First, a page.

The first part went quite well, the wadi was about 75 yards wide at this point, but then I hit a patch of sand which gave way under the
left rear wheel as I drove over it. In front was a rock the size of an armchair. Next to it was an un-climbable sand bank and upstream was
our only exit. I applied more power, the mobile suspension gripped the uneven the contours and we shot out of the wadi to a hoot of joy from
Raymond, a gasp of relief from me… and a cheer from a shepherd who quickly told us we had come the wrong way!
The Discovery excelled itself.
I knew I was uncomfortably close to tipping the vehicle that time and  was much relieved to regain level ground afterwards. The shepherd
received a stylo biro and some melted sweets for his helpful comments.
We hit the Foum Zguid junction, turned north and proceeded to Tazenakht, the carpet-weaving centre of the Atlas. Raymond bought two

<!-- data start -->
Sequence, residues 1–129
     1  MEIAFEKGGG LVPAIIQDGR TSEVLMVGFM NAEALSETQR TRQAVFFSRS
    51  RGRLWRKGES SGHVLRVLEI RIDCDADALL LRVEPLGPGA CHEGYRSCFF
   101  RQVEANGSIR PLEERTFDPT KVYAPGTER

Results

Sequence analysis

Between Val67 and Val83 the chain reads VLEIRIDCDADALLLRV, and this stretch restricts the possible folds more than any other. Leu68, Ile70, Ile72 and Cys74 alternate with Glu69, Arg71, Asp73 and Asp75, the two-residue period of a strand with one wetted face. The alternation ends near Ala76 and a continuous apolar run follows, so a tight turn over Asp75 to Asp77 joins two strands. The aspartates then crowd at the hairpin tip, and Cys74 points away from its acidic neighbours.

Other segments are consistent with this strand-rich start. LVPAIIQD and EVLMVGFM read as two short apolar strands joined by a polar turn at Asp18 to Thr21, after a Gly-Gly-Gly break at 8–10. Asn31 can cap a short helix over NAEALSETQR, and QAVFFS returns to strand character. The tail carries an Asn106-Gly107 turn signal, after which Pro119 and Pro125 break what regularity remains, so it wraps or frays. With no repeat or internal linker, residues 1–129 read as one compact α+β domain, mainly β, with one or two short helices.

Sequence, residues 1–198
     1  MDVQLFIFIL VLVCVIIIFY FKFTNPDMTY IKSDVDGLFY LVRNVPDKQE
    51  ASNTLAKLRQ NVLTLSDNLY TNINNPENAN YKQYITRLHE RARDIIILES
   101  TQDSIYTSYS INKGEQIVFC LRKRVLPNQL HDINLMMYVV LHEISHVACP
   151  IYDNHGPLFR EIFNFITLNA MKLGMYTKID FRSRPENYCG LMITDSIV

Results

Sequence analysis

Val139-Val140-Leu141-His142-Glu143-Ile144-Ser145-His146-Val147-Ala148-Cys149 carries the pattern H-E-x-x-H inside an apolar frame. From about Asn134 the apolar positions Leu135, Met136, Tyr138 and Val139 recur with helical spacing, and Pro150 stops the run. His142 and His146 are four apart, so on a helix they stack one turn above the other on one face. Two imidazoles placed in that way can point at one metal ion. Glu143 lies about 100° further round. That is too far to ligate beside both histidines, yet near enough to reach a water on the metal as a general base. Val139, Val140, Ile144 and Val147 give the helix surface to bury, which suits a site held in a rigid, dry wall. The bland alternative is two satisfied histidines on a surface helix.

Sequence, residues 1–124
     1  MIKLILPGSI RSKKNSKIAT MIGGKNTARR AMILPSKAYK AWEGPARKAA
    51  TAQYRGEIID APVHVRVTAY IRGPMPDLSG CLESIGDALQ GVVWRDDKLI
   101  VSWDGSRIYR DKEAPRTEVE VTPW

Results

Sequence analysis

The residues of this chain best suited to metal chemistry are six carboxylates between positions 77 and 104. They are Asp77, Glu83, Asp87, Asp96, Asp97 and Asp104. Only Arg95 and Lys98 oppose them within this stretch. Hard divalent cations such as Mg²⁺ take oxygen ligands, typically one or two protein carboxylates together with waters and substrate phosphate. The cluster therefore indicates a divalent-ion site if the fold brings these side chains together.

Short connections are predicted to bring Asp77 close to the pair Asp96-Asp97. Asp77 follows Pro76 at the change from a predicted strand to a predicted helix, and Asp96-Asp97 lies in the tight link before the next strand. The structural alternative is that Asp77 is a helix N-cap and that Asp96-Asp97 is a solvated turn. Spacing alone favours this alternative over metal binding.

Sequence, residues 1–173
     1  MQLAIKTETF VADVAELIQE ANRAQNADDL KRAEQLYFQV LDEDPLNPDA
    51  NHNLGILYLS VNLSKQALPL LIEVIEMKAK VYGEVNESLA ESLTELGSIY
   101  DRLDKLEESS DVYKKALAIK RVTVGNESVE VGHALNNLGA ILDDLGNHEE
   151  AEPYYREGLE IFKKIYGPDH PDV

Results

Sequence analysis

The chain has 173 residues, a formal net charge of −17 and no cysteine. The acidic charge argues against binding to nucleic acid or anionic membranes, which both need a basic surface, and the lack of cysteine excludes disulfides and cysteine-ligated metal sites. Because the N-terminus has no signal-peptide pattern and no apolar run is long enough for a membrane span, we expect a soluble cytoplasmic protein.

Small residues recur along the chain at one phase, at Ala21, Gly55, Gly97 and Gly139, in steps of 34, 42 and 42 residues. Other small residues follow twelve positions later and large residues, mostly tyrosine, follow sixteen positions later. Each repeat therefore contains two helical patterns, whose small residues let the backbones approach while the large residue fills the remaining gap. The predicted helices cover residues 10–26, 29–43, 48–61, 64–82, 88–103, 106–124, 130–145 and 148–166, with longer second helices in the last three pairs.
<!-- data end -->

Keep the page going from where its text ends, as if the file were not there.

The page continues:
excellent Berber carpets while I ordered a splendid chicken tazine lunch for us both.
We camped at Tafaroute which supported a splendid swimming pool. We were the only guests there. Dinner was brought out to us at our tent,
and we dined by candle light under the full moon.
The next phase of the journey was a long and exciting drive northwards through the Anti Atlas, our road clinging to the side of
precipitous falls and spectacular scenery. We saw many striped squirrels. Here and there we would see big blue lizards running across
the hot tarmac with their tails held high. Also many small birds, finches, skylarks and a few soaring eagles.
We crossed the mountain range, reached Agadir and stared on the long journey home.
We stayed at Marrakech for a night and then camped near the important Roman town of Volubilis next day.
We have had a full, colourful and very enjoyable voyage and are now heading home through Spain.